S. schevyrewi vs. S. multistriatus 1 23.606 23.606 0.129 7 <0.001Populations per species 4 36.528 9.132 0.209 11 <0.001Individuals per population 214 347.125 1.622 1.622 82 <0.001S. schevyrewi populations 2 28.195 14.097 0.382 17Individuals per population 97 181.175 1.868 1.868 83 <0.001S. multistriatus populations 2 8.333 4.167 0.069 5Individuals per population 117 165.950 1.418 1.418 95 <0.031S. schevyrewi vs. Scolytus spp. 1 6.546 6.546 0.00 0 0.999Populations per species 2 28.195 14.097 0.381 17 <0.001Individuals per population 112 214.363 1.914 1.914 83 <0.001S. multistriatus vs. Scolytus spp. 1 5.992 5.992 0.114 7 0.029Populations per species 2 8.333 4.167 0.066 4 0.022Individuals per population 132 199.137 1.509 1.509 89 0.006

Note: SSD, the sum of squared deviations; MSD, the mean of squared deviations.

Table 3. Analysis of molecular variance of random amplified polymorphic DNA (RAPD) band data for50 individuals of Scolytus schevyrewi, 60 individuals of S. multistriatus, and 8 individuals of Scolytus sp. notidentifiable using current taxonomic criteria.

Fig. 4. (a) Blind test validating species-specific banding patterns using the oligonucleotide OPAM-07.Scolytus schevyrewi: lanes 2, 6, 8, and 11; S. multistriatus: lanes 3, 4, 7, and 9. (b) Results for larvae withprimer OPB-01. Lane 2: S. schevyrewi; lanes 3–10: S. multistriatus.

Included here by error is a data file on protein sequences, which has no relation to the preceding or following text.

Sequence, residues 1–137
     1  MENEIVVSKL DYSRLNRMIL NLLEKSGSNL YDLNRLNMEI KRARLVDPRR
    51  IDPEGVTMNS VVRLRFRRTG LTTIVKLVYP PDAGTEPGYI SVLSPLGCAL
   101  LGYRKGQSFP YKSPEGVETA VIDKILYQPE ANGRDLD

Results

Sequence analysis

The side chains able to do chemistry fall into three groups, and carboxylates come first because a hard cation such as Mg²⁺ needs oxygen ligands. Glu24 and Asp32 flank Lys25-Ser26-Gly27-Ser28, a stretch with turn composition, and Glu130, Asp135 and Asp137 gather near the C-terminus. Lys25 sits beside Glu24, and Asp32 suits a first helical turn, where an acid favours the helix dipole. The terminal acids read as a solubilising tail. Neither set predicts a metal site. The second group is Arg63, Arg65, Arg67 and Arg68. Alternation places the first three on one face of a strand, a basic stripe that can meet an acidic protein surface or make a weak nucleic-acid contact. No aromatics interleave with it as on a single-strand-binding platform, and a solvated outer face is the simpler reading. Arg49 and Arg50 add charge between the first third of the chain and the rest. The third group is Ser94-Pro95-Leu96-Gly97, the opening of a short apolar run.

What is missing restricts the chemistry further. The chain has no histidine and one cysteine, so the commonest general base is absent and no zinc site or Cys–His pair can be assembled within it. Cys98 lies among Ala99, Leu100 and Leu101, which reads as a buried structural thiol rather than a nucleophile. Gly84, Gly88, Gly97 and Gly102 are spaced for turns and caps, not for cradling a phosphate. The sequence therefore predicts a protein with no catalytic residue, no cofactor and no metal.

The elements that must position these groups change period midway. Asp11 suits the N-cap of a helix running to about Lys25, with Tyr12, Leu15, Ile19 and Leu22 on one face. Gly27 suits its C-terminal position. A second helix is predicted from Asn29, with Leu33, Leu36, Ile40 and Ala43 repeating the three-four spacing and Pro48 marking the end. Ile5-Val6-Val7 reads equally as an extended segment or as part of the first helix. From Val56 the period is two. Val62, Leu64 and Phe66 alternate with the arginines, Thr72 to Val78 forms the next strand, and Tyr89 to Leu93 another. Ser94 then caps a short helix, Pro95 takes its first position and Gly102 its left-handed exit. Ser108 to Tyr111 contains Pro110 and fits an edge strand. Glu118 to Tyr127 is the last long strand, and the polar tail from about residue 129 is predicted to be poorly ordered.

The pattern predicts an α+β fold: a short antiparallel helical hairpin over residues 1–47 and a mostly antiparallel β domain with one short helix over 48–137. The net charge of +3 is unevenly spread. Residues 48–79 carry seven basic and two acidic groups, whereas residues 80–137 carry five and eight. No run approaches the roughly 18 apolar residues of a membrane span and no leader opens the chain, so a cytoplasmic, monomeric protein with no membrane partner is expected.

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there is likely to be considerable variation withinspecies, we attempted to develop a means ofreadily quantifying differences in features. Al-though our sample was relatively small, theaedeagi of S. schevyrewi and S. multistriatusproved to be unique to each species across eachgeographically distinct population used in thisstudy. Scolytus schevyrewi and S. multistriatusshowed some variation in the size of the aedeaguswithin populations. This may be in proportionto the overall variation in specimen size, a fac-tor for which we did not account but thatshould be included in future work. In studies ofspecies of Carabidae, Noctuidae, andDrosophila Fallen (Diptera: Drosophilidae)(e.g., Garnier et al. 2005; Mutanen 2005; Soto2005), the shape of the male genitalia wasquantified by outlining the male genitalia. Instudies by Cane et al. (1990) and Stauffer andZuber (1998), external morphology was quanti-fied and molecular genetics used to differentiatevarious species of Ips. To our knowledge thegenitalic morphology of no other species ofScolytus has been described and (or) quantifiedusing morphometrics within this genus. We an-ticipate that our quantification technique willallow not only S. schevyrewi to be distin-guished from S. multistriatus, but also eitherspecies from other Scolytus species, althoughthis remains to be tested. We were unable toobtain specimens from the native ranges ofthese species for comparison; however, thiswould be the logical next step in the validationof this technique. If consistent variability wereto be detected, this might provide insight intothe origins of Nearctic and other populations. Itwould be particularly interesting to compare theconifer-feeding spruce engraver, Scolytus piceae